[Dave Birch] OK, so I’m in a tiny minority but I think that security and privacy are important. I think that the state of security and privacy in the digital world demand a proper strategy, of which some form of digital identity infrastructure is a critical part. That’s why I’m always glad to see the government appointing people to tackle the difficult issues around the technology infrastructure that our future depends on. When I was googling something else, I discovered that Paul Murphy is Britain’s “Minister for Digital Inclusion”. This is a real post, not something I made up for the blog. In addition to pottering about at UK online centres
(of which there are 6,000 in the U.K.!) his brief includes “data security and information assurance”. Imagine my surprise, then, when I read that:
Paul Murphy states that he is “not a technical person”.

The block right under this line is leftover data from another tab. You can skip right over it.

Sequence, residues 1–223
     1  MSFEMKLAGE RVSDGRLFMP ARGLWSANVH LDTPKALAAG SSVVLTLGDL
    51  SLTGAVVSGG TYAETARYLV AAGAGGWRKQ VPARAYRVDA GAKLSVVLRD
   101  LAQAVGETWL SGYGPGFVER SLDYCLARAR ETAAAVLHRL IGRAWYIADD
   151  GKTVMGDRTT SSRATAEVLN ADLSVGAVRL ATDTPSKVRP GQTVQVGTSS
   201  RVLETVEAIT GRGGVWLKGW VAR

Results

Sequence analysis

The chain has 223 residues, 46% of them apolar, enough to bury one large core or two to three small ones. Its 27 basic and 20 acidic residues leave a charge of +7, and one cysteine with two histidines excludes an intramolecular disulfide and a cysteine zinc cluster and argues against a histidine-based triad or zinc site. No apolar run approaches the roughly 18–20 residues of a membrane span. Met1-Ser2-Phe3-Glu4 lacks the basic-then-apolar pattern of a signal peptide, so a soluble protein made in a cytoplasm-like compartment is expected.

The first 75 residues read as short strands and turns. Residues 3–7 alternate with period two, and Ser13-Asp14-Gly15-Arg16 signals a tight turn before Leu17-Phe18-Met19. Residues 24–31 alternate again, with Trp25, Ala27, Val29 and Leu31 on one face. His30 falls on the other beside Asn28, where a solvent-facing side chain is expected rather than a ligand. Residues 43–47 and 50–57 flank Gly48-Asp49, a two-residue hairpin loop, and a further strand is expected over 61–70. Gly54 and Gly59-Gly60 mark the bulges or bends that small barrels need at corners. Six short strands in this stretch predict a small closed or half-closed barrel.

[From Minister for Digital Inclusion gets Strategic – Convergence Conversation]
Shouldn’t we get someone who is?
[Dave Birch] I was given a useful insight into a different perspective on identity, the developing countries perspective, when I spoke on a panel at the Chatham House conference on Technology and Development. I’d actually been invited along because I know about mobile payments and mobile banking in developing countries, not because I particularly know anything about NGOs, foreign aid or so on, but it gave me the opportunity to sit in on some discussions that I wouldn’t otherwise have heard. For example, one of the audience asked a question about the deployment of mobile phones in the development world, a question that would never have occurred to me. The question was about security and privacy, and I won’t violate Chatham House rules by giving away an identifying information, suffice to say that the core of the question was about the use of mobile phone data, mobile phone location information, call records and billing information. In some countries, where you are and who you call is dangerous information that can have disastrous consequences.